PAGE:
Republicans in the U.S. House of Representatives will begin drafting their own health-care measure today, now that the chamber has voted to repeal the overhaul President Barack Obama pushed into law last year.
The House will take up a resolution formally authorizing four committees to begin work on the legislation. Two have announced investigations into the law, one on its effect on jobs and a second on how the administration has granted waivers for some companies to avoid new rules.
Republicans, who won control of the House in November’s elections, have yet to offer specific proposals in their own bill. “We intend to take this in a methodical way,” Representative John Kline, a Minnesota Republican and chairman of the House Committee on Education and the Workforce, said in an interview. “We will be having hearings. We’ll be gathering information.”
The health-care law that cleared Congress in March with no Republican support was the top domestic priority for Obama and congressional Democrats, who then controlled the House and the Senate. It extends coverage to tens of millions of uninsured Americans, imposes new taxes on the highest wage-earners, calls for taxes on health-care companies and provides hundreds of billions of dollars in Medicare savings.
The vote on repealing the health-care law was 245-189, with three Democrats -- Dan Boren of Oklahoma, Mike McIntyre of North Carolina and Mike Ross of Arkansas -- joining all House Republicans in supporting the measure.
Although the repeal has almost no chance of taking effect as long as Obama is president, yesterday’s vote delivered on Republican campaign promises to reopen debate on revamping the U.S. health-care system and to attempt to reshape the overhaul law. The issue dominated Congress during much of Obama’s first two years in office and is likely to be a prime topic in the 2012 presidential campaign.
During debate yesterday, Republicans said their plan would include many provisions that Democrats promoted in the law, including allowing young adults to stay on their parents’ insurance plans up to age 26 and barring insurers from denying coverage for people with pre-existing conditions.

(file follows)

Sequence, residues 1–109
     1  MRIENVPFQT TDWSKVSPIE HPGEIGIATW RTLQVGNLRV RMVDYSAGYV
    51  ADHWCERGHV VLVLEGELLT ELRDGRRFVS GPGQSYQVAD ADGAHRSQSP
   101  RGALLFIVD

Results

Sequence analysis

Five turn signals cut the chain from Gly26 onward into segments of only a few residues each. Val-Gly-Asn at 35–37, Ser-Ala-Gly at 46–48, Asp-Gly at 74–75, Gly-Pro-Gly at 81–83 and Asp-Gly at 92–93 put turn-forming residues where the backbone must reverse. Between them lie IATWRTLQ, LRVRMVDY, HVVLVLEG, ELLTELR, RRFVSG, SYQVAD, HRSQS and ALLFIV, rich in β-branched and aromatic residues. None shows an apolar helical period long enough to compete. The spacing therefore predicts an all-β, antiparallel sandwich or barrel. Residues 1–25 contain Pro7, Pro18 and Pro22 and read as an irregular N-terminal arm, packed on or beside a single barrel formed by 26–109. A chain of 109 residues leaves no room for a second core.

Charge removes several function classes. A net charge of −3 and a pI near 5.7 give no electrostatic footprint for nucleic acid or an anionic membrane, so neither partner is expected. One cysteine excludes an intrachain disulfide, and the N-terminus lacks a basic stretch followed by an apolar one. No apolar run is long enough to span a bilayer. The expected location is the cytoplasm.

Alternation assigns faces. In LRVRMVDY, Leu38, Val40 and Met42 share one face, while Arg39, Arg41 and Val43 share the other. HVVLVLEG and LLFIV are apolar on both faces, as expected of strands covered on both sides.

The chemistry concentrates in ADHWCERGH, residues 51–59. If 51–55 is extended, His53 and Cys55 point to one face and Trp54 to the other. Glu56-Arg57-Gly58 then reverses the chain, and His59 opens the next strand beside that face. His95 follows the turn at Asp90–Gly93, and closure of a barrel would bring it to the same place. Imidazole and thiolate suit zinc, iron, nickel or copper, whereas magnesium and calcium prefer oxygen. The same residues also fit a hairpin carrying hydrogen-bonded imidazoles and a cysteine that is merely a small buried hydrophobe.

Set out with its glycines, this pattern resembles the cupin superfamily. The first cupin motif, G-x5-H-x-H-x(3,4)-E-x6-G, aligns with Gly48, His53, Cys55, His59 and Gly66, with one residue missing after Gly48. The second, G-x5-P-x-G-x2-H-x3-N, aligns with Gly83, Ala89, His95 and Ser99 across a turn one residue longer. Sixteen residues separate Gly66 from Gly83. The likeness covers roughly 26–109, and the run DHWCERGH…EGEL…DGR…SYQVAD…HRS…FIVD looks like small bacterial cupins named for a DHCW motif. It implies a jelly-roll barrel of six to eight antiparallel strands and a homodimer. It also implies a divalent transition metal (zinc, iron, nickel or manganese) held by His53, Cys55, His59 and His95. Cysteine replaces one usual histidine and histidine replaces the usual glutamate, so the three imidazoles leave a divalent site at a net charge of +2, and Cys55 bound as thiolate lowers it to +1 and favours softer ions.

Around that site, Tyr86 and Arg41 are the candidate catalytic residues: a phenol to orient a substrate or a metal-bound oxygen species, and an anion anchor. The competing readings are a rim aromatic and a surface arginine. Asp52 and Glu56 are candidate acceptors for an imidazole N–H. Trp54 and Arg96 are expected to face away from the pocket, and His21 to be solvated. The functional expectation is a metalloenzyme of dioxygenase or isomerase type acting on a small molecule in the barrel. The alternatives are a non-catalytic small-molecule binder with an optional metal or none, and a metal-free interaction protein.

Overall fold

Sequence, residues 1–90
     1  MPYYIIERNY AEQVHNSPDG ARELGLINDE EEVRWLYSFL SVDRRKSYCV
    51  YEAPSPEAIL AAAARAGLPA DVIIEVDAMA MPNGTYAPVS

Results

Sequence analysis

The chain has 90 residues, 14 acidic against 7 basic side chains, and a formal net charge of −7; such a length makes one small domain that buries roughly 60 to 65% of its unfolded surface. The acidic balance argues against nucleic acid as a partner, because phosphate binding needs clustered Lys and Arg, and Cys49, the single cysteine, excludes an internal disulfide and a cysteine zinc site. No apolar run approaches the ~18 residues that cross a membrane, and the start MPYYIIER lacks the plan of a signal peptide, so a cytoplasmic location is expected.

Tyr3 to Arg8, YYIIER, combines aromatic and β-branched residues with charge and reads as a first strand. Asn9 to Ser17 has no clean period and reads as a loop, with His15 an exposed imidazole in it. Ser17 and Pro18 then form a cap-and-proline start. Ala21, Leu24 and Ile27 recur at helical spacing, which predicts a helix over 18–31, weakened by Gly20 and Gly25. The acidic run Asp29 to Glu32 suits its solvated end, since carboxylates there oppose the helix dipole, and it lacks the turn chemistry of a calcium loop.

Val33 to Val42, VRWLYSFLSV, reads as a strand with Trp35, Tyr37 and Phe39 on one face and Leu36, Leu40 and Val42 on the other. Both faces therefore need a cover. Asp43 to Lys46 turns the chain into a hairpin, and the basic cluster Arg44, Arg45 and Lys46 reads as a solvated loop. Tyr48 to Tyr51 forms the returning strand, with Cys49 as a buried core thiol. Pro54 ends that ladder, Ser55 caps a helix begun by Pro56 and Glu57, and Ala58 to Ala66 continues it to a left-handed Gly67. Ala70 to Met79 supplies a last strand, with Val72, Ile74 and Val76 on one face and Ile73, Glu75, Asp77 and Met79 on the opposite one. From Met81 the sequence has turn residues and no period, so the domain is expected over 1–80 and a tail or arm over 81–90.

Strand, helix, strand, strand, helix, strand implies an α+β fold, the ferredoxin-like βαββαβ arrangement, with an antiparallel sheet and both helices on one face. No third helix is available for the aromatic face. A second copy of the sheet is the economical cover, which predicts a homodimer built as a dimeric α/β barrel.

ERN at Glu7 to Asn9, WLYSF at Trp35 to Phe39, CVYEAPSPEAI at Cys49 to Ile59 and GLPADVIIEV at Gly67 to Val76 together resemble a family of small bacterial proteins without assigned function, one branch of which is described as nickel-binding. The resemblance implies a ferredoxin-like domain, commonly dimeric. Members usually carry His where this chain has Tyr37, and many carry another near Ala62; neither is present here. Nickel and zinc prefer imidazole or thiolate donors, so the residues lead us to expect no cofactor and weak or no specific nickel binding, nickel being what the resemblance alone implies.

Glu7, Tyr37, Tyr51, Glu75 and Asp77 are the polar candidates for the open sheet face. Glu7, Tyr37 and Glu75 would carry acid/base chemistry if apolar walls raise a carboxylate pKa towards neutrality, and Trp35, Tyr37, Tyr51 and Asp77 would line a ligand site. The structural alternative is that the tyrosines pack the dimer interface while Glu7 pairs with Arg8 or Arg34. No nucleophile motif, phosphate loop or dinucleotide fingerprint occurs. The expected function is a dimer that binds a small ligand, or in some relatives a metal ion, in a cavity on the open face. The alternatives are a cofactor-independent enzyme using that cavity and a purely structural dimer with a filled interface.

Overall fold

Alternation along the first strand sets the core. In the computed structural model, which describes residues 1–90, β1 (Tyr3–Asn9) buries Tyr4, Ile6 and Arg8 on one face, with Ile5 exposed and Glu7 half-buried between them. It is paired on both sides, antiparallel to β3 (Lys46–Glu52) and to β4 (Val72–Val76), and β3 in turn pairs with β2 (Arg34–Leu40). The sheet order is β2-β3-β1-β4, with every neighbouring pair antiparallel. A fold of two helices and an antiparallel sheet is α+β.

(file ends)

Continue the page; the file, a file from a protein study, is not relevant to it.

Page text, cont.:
House Speaker John Boehner, an Ohio Republican, told reporters that a replacement plan would aim to “bring down the cost of health insurance for the American people and expand access.”
Kline said the legislation will be rolled out slowly, proposal by proposal, rather than packaged into the type of comprehensive measure the Democrats passed. Republicans intend that some of those bills, such as a repeal of tax reporting requirements on business purchases over $600, will attract enough Democratic support to pass the Senate.
Republicans on the House Energy and Commerce Committee, headed by Representative Fred Upton of Michigan, yesterday released a memo that called “repealing Obamacare the central health-related focus” of the panel.
The House Energy and Commerce Committee wrote to the administration today opening an investigation into the Center for Consumer Information and Insurance Oversight, the office in the Health and Human Services Department charged with writing many of the regulations to implement the health law.
“Most troubling is that your office is currently responsible for deciding who does not have to comply with the massive new regulations imposed,” wrote Upton.
The administration office has approved 222 waivers for companies, local governments and other organizations for part of the law requiring minimum coverage levels by employer insurance offerings, according to its Web site.